Happy Day of the Dead?!
Yep, that’s what it’s called in Mexico and Latin America, or “All Souls’ Day,” as it’s observed on Christian calendars.
This last day of Hallowtide is complete with rite and ritual—whatever you call it, it’s a day to acknowledge those who have passed on. It’s part honor, part prayer for the deceased with plenty of humor and celebration in the Mexican tradition. I love that.
What better way to keep the spirit of our loved ones alive than by inviting them back to the table, with favorite dishes, costumes, and funny anecdotes we best remember them by.
The rites and rituals of this day seem to be just as much for the pray-er as it is for the prayed for, as it’s an opportunity to let go of our fear of death and accept that our loved ones are in a good place.
And as for the notion that these departed souls might benefit from some assistance getting to the happy place in the sky…I would suspect trying to get someone out of any purgatory in an afterlife is not that different than trying to get someone else out of the purgatories they’ve created here on Earth. Quite simply, it’s on them to take that leap of faith forward. But hey, throwing a party, and singing and dancing as a show of belief in transcendence—all for it!
I was talking to a friend a few months back. He was staring down the barrel of a high-risk, but critical, medical procedure. He talked about how it would be irresponsible not to consider what might happen if things didn’t go well, and then we talked about what that really means. Some practical considerations to get in order—yes—but then beyond that, at some point, we cross over into rumination, and replaying our fears.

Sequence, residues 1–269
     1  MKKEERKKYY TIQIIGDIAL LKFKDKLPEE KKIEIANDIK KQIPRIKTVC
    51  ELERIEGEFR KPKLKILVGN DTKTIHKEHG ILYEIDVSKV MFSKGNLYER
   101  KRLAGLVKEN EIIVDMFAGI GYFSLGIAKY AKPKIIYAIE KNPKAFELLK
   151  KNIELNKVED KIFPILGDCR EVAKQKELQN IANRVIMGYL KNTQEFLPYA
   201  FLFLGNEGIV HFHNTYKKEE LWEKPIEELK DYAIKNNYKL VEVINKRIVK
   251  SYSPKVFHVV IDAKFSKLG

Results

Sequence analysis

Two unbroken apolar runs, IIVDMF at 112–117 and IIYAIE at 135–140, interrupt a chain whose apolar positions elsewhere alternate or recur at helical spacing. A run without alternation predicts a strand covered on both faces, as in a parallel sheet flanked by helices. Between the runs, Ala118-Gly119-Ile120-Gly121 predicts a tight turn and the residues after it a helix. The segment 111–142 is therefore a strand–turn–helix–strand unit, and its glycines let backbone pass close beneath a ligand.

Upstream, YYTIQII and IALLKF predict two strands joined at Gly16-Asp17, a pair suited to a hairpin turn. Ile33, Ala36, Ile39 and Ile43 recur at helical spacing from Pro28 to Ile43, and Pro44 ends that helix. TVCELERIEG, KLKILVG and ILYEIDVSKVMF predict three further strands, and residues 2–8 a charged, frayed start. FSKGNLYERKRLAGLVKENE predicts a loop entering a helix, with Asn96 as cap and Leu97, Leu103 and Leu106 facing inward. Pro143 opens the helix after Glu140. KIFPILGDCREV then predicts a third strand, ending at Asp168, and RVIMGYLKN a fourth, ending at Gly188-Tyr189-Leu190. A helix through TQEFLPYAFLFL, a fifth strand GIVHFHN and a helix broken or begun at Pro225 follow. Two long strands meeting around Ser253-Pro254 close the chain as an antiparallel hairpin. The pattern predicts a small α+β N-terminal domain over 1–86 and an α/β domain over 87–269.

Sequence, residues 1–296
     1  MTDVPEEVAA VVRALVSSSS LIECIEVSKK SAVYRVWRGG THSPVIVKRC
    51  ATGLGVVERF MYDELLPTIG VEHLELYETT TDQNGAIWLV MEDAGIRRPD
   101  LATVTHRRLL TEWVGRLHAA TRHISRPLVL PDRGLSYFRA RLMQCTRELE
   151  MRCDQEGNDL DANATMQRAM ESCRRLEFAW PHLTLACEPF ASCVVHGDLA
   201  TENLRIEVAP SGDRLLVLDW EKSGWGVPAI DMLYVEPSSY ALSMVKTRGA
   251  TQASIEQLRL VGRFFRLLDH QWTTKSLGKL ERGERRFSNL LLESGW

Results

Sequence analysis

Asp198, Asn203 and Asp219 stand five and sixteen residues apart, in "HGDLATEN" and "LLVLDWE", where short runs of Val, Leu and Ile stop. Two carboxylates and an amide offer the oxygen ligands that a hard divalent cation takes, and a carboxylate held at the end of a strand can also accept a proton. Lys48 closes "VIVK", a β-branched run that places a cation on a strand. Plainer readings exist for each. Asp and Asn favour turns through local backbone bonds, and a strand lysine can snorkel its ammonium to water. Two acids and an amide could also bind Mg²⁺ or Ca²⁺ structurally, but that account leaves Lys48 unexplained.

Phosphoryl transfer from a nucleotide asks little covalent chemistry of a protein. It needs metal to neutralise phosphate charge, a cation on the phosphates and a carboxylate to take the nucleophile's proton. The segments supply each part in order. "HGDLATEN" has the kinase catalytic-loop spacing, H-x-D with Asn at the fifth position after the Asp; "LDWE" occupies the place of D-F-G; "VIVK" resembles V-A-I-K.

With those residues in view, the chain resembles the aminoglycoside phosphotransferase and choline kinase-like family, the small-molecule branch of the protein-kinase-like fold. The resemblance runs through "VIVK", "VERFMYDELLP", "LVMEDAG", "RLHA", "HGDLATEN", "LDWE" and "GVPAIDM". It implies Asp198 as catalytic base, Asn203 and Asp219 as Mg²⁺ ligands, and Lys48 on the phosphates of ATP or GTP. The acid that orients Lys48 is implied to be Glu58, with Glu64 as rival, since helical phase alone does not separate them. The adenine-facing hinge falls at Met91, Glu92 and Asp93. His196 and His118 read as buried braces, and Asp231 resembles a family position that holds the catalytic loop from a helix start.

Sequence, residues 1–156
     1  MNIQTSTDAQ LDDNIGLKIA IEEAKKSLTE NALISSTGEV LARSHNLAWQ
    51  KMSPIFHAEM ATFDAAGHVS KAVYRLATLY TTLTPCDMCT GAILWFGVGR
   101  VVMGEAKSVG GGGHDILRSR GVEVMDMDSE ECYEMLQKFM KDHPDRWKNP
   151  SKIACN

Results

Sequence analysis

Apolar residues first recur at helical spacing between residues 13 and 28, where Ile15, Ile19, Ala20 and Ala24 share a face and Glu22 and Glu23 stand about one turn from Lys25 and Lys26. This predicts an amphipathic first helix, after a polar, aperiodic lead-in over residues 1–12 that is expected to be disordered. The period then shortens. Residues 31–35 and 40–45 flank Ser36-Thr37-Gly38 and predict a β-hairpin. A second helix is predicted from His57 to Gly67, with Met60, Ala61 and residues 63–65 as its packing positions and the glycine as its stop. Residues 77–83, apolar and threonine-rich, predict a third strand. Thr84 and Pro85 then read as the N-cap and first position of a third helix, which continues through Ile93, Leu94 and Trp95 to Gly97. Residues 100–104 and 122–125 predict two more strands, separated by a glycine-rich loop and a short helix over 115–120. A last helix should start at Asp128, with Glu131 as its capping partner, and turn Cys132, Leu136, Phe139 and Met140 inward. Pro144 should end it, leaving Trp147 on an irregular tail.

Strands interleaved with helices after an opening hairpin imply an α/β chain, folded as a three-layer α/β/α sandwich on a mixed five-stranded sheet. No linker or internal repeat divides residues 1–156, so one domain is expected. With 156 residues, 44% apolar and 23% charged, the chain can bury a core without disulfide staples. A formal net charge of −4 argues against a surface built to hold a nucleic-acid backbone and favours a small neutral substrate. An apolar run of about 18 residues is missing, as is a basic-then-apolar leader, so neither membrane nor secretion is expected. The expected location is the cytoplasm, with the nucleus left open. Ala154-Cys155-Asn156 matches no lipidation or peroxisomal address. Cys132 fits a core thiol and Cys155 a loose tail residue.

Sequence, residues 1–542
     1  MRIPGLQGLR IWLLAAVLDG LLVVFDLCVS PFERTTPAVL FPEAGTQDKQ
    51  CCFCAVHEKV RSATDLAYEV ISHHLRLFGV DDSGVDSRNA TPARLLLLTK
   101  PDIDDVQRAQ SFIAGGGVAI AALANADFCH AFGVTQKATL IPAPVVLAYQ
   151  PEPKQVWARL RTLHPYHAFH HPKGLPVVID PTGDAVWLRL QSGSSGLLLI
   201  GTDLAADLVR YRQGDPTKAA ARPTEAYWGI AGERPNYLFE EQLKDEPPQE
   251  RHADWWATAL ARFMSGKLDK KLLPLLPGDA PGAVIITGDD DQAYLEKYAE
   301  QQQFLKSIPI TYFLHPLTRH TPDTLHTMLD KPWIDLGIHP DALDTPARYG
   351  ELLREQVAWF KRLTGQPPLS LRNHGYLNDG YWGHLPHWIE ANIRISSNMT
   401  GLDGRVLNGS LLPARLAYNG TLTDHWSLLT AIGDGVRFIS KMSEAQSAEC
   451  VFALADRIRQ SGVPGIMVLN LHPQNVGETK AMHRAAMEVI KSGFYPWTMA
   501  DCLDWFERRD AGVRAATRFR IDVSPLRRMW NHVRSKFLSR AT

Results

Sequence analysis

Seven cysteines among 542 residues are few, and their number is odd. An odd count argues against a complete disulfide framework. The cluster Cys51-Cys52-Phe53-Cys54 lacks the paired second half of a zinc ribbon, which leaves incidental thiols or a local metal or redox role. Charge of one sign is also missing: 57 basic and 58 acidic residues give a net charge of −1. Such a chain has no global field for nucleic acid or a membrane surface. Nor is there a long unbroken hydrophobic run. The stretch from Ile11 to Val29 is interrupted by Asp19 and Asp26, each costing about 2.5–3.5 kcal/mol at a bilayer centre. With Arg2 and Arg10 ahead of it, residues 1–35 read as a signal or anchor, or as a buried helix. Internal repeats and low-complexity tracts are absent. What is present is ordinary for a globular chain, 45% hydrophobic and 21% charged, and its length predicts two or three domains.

He went on to say that while he had no medical evidence to back it up, his gut told him if he stayed positive it would help the outcome. We decided that one thing was for sure, while he couldn’t entirely predict how his attitude would affect future outcomes, it sure was affecting the present moment. The dream of a positive outcome makes the here and now so much better. And so it goes with manifesting the future we want for all of us.
So, yeah, make it a great day for all souls’ mind, body, and spirit sake (including your own)!
Some traditional observances to consider:
>> Burn incense to support good health, yours and theirs.
>> Set up candles in the form of a cross honor the four cardinal directions.
>> The scent of marigolds or favorite flowers is used as decoration with the belief the scent helps loved ones find their way back to the celebration.
>> Offerings (ofrendas), which represent the four elements of earth (favorite foods), water for quenching thirst and movement, air (prayer flags), and fire (candles) are ways to honor the essence and true nature of our loved ones.
Have fun with it! I went yesterday to have two oil paintings of my deceased artist mom’s framed. It was such fun to talk to the shop owner about which ones she would like best. (I think she’d approve of my selections!) Tonight maybe I’ll have a martini during my parents’ sacred cocktail hour—and make my daughter wait to have dinner until 8 p.m.! I’ll also be honoring the Elixir of Elliott Delman Music—The Glory of Love!
Channel the highlights, spread the love, and the humor, of your loved ones’ lives! And guess what? I bet you’ll find yourself enjoying those elements and attributes once again! Who doesn’t like to resurrect the good old days?
Cheers to that!